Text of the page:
Sunday, November 28, 2010

Footnote to Certain Glimpses

We remain interested in Alma Thomas, in part because of her particular genius, and in part because she's attached to the Broken Diamond's art scene in a durable way.

Saturday, November 27, 2010

Pictures of Invisible Man, #2

It's actually Gordon Parks quoting Dostoevsky.

Pictures of Invisible Man

Still on the digging.

Glimpsed While Digging Ralph Ellison's Crates

Wild blues -- a propos of Louis Armstrong, Thelonious Monk or Ghostface Killah. Add it up.

The Photographic Education of Ralph Ellison 1

We started looking for pictures taken by Gordon Parks in conjunction with Ralph Ellison for his unpublished Harlem chaos feature. We haven't found it yet, but we have found a.) "Harlem is Nowhere," Ellison's interesting later piece that burns the paradox of identity and postwar disintegrating historical consciousness into the soul of our literature, and b.) photos by Roy DeCarava. See above. Chaos. Identity disintegrating.

We'll keep working this. On and on and on and on.

The Literary Education of Ralph Ellison 2

And the interview from The Paris Review. A necessary primary source.

Tell Old Pharoah

There is no better metaphor for the struggle than this from the end of Sullivan's Travels, so intensely dialectical our head still spins when we see it.

We began thinking on this when we heard Charles Lloyd's understated version over @ his house, Mirror. We'll be sembling up some bigger post for the bluelight in the next couple of days, but we wanted to throw this signal in your direction as we worked.

What We're Hearing

We moved the post, which we longer in its breathing than the usual over here @ the red light, on to the blue. But we're rolling deep w/ Pops and can't stop thinking about how powerful he is.

Thursday, November 25, 2010

Outside in the cold distance...

...the conjureman appears. We witnessed Cecil Taylor (@ the French Embassy of all places) in his recent stopover here in the Diamond. His magic was most powerful that night in the form of spellcasting spoken words, which was not what we expected.

As a man he has diminished some, though he never took the form of a giant. We might have perceived it wrong then, but not now. This was a simple recital and our senses did not play tricks on us.

He worked the piano, mainly from left to right, tempting us to think about form and improvisation. Those temptations were fair, earned and fulfilled. That's the way he has worked from the start. He could inhabit a form with force and tear it up from the inside, then tear his way back into it. And that is the way he played the piano.

But the remarkable moment in the night's show occurred when he took up a notebook in one hand and the mic in the other. He mumbled, reiterated and stuttered, thissed his thats (like a Gorgon, fosho), and shuffled the small stage like Monk looking for his drink @ the Bluenote. He held the mic like a wand, and rarely put it to his lips, because he understands the importance of amplification as a variable and the importance of variation when calling up the spirits.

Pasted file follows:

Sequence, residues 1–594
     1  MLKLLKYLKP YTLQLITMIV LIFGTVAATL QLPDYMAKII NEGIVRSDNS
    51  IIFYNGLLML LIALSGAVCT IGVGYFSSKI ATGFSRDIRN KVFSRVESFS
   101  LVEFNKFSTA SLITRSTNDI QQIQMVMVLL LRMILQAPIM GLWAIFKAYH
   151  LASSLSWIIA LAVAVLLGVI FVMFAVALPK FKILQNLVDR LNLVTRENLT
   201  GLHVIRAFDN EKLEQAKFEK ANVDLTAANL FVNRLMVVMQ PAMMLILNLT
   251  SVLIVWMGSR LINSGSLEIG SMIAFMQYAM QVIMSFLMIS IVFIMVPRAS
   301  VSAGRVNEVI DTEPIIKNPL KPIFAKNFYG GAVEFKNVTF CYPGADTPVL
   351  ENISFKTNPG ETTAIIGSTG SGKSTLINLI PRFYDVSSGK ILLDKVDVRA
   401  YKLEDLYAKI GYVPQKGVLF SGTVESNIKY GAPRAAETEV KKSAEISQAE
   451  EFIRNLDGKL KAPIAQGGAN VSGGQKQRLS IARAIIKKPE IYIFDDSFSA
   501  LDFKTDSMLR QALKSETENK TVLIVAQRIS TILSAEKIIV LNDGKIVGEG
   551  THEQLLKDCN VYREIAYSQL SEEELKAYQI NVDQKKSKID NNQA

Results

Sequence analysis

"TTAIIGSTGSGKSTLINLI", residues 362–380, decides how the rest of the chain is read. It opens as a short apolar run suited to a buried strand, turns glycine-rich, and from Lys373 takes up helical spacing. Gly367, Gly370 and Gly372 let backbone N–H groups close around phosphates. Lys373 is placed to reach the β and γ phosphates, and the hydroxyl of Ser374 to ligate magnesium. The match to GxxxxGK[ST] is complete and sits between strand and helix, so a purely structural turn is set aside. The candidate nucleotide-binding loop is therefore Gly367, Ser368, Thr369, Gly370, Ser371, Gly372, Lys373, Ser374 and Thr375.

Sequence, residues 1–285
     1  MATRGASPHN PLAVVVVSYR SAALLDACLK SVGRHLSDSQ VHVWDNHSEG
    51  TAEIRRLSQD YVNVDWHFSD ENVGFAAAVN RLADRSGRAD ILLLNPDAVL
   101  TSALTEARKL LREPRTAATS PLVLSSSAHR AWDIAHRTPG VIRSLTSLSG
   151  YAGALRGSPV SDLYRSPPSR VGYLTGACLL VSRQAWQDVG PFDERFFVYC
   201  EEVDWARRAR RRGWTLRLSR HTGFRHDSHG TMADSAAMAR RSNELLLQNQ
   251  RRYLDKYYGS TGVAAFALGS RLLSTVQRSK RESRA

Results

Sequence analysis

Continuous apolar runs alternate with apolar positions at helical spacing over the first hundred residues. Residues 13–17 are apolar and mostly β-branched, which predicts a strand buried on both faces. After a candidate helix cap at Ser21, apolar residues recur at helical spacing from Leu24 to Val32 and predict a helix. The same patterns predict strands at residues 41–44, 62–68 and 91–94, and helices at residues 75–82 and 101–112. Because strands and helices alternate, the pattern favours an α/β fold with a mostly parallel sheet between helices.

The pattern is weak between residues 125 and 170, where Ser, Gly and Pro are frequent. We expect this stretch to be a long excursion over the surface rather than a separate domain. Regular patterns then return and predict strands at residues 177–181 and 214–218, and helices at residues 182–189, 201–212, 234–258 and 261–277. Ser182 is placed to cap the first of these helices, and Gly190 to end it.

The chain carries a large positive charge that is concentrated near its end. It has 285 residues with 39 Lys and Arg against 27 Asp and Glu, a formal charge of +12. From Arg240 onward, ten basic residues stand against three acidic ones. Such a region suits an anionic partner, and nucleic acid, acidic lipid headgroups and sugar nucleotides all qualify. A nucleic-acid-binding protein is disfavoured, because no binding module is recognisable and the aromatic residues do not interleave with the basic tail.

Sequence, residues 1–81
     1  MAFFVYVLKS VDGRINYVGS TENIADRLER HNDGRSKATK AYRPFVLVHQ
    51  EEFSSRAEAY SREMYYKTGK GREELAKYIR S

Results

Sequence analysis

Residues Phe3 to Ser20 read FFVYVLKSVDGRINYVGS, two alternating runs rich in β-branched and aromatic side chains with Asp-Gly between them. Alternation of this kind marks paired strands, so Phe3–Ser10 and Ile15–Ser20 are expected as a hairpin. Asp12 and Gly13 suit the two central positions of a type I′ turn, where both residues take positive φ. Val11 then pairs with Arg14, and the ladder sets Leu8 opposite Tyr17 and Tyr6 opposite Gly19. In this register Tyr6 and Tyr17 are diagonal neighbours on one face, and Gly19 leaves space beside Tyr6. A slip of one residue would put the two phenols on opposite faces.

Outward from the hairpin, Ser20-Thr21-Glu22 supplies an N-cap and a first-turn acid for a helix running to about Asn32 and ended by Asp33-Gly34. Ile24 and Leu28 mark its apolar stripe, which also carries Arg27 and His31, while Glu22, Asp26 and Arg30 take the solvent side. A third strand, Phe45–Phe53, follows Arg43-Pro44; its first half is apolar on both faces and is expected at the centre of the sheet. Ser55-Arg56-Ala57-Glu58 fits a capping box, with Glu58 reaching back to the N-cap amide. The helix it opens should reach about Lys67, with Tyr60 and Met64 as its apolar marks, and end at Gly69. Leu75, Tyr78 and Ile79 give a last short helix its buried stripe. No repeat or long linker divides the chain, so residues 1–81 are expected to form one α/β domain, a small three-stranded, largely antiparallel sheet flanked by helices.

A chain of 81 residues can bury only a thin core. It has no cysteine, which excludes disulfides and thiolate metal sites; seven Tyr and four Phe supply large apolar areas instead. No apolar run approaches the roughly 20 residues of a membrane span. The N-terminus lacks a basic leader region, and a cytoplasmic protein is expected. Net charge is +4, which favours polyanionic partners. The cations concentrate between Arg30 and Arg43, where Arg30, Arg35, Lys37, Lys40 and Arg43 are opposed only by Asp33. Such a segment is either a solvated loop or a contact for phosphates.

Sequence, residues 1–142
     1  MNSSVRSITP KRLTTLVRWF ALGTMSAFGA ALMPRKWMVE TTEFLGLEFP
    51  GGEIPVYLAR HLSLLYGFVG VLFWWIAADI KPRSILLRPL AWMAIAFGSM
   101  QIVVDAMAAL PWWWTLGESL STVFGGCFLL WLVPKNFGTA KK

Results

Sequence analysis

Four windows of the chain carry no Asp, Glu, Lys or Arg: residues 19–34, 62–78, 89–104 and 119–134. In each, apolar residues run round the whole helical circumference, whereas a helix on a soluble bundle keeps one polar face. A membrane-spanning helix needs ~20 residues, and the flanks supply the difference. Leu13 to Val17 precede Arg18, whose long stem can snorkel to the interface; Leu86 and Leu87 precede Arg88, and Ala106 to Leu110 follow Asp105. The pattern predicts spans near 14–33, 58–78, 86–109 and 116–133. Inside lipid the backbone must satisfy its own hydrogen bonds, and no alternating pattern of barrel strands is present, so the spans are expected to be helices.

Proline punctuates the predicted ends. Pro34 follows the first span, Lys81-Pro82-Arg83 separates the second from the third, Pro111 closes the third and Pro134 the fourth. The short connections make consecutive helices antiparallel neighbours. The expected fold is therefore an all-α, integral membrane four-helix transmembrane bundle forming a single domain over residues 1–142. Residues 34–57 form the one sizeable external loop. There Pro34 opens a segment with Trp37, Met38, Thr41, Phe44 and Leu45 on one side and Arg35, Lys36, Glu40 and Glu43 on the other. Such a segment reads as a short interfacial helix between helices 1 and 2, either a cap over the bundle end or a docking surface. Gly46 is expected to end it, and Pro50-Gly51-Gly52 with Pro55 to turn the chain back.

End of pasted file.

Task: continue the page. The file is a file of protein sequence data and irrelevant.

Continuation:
We're recalling. The show is behind us a couple of weeks, now. And in hindsight, it's our view that what he's really doing is working on his own age now. The audience expects caterwaul @ when Cecil Taylor takes the stage, and he took the stage with plenty. There is plenty of that. We found, though that within the ruckus is a steady mumbling, the occasional syllabification, calling forth youth from age and age from youth. That's how he's working these days. Small, distant and able to make his presence known.


No need to tell you any more. Points the way, though.

Sunday, November 21, 2010

Sunday, November 14, 2010

What We're Hearing

We graduated to a shorter and tighter version of "The Hard Blues." Though we miss Baikida Carroll's presence in the earlier, more deeply breathed version, we find the story here to be one where jazz historicism meets and makes a thoroughgoing intersection at the crossroads of Ellington and Mingus. And it does so w/out a rhythm setchen. Tally ho, kings and queens.

On and on and on and on.

What We're Hearing

We're working out this AM w/ Brova Hemphill's second slab. Fidna travel back and spend some time w/ Dogon A.D. as well.

Thursday, November 4, 2010

Tuesday, November 2, 2010

What We're Hearing: You Gotta Smoove

I think the VV piece on Greg Nice pointed us down this road. Isn't it funny how a cairn can create a new direction. There isn't much more than a shared word coincidence. Much more to say, but for now we are interested in "Old to New" and T.R.O.Y." There's a riot going on in that mix.

The Sculptural Education of Ralph Ellison, #2

We have much to learn about the body of thought that jumped forward from a well-tempered and high-minded nationalism (see Dawson's Negro Folk Symphony) to the fierce and impatient work that followed. The before and after version is not satisfying. We need some devilin' on the details of modernism. Cue DJ Albert (Murray)?

In the meantime, let's just post some visual footnotes from the work of Richmond Barthé because there is not telling when you read R& exactly where Ellison came from, just hints that he came from everywhere.

Crossroads Blues

Where all of the masks come off, the true faces are revealed, the promises are made, the deals are concealed.